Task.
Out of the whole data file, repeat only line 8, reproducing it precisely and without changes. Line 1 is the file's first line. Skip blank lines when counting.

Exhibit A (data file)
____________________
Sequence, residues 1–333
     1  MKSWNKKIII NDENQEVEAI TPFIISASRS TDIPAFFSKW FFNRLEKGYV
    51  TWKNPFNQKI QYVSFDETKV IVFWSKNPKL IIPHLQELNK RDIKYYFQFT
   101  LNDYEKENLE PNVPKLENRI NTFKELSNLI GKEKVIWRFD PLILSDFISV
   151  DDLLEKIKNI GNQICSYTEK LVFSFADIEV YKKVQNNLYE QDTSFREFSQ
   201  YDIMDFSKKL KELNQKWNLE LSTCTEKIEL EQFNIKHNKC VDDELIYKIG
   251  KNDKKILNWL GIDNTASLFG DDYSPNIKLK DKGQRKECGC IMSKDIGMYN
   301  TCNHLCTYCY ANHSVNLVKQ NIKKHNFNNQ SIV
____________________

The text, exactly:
   301  TCNHLCTYCY ANHSVNLVKQ NIKKHNFNNQ SIV